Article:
You probably already knew that you should always declare local storage via the
LocalStorage element in your
ServiceDefinition.csdef when you need disk space on your VM in Windows Azure. The common use for this sort of space is as a scratch disk for your application, but it’s also a handy place to do things like install apps or runtimes (like Ruby, Python, and Node.js, as I do in the Smarx Role). You’ll typically do that from a startup task, where it may not be obvious how to discover the local storage path.
You can, of course, simply write your startup task in C# and use the normal
RoleEnvironment.GetLocalResource method to get the path, but startup tasks tend to be implemented in batch files and PowerShell. When I need to do this, I use a short PowerShell script to print out the path (getLocalResource.ps1 from Smarx Role):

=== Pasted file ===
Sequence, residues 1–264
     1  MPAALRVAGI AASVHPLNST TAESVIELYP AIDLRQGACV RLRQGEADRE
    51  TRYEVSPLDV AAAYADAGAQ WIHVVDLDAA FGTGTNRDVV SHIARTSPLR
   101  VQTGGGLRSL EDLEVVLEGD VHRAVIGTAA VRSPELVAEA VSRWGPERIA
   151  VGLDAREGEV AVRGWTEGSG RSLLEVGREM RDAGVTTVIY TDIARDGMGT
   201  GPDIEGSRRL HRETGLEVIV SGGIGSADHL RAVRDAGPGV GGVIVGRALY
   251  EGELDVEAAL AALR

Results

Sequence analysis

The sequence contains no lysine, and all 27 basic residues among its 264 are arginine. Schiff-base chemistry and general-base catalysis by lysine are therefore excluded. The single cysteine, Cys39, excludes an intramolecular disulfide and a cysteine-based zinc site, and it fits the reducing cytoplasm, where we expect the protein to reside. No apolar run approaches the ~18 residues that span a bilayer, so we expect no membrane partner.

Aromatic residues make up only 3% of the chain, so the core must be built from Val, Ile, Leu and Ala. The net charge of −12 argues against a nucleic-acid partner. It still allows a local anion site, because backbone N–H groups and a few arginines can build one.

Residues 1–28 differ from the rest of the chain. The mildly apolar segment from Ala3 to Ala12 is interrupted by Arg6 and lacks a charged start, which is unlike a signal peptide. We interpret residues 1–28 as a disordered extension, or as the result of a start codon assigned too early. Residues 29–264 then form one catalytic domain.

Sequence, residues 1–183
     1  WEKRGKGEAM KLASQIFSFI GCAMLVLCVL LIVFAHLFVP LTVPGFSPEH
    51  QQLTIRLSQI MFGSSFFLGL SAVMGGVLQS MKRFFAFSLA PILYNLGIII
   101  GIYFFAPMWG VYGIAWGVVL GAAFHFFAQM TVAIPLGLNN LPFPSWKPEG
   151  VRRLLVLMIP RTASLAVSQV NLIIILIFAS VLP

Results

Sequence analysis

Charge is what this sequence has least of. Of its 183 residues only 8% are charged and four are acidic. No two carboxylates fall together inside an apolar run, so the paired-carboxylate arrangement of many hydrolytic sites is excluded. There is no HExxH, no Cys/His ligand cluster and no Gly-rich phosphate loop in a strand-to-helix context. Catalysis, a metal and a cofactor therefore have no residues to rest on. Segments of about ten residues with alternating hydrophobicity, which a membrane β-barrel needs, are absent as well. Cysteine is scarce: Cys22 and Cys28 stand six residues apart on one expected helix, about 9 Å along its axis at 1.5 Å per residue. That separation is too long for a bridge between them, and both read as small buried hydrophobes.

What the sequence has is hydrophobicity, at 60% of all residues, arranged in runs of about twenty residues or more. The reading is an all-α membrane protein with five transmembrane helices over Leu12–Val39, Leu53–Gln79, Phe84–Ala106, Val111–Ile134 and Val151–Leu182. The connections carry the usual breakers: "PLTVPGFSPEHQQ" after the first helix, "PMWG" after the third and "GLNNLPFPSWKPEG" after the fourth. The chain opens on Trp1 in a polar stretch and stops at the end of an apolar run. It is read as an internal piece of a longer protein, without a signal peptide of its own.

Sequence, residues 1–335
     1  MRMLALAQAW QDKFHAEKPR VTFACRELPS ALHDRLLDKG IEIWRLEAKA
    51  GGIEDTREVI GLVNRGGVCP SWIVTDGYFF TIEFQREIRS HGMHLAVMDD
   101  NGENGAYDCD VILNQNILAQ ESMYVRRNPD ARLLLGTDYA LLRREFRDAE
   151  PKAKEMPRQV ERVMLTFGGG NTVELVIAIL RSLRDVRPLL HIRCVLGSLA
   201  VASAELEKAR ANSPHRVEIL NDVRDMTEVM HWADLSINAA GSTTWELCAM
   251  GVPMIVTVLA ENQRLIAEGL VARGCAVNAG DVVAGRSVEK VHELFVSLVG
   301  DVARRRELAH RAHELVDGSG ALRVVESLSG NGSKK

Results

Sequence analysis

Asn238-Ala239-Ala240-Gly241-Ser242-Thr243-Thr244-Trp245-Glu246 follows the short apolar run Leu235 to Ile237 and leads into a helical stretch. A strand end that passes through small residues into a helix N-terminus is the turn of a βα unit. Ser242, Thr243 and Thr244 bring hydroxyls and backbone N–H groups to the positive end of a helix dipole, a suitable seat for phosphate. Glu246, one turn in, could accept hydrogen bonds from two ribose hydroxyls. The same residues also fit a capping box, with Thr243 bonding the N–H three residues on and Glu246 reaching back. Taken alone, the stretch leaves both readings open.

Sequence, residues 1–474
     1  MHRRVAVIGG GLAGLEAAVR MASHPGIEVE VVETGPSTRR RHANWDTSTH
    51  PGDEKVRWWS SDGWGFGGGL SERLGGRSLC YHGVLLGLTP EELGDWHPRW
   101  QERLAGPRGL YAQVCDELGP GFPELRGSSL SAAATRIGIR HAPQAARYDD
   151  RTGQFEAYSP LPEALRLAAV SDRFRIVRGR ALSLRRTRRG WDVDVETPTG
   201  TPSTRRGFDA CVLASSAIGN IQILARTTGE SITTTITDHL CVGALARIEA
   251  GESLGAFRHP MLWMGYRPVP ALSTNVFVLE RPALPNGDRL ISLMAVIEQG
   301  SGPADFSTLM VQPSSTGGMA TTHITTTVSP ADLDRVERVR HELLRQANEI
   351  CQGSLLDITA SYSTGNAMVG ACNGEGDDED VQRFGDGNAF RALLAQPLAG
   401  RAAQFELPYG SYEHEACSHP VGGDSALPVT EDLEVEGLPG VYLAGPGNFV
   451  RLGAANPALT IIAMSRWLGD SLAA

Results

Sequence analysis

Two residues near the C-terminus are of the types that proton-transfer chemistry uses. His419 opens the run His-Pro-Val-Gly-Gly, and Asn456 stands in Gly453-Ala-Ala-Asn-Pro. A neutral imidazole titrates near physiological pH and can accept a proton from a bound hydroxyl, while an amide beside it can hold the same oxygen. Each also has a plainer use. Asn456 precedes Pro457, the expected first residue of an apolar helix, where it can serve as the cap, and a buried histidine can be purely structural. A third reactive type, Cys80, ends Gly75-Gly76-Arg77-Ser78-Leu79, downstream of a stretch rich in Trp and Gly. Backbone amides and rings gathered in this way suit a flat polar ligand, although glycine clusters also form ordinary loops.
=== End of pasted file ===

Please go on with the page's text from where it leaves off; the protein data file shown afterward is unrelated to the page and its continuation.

param($name) [void]([System.Reflection.Assembly]::LoadWithPartialName("Microsoft.WindowsAzure.ServiceRuntime")) write-host ([Microsoft.WindowsAzure.ServiceRuntime.RoleEnvironment]::GetLocalResource($name)).RootPath.TrimEnd('\\')
and then use it from a batch file like this (installRuby.cmd from Smarx Role):
powershell -c "set-executionpolicy unrestricted" for /f %%p in ('powershell .\getLocalResource.ps1 Ruby') do set RUBYPATH=%%p
I’ve also, in the past, used a small C# program (
Console.WriteLine(RoleEnvironment.GetLocalResource(args).RootPath);) in place of the PowerShell script. (I still use the same
for loop in the batch file, just calling
GetLocalResource.exe instead.) The PowerShell script just seems scripty-er and thus feels better in a startup task. Otherwise I don’t see a difference between these two approaches.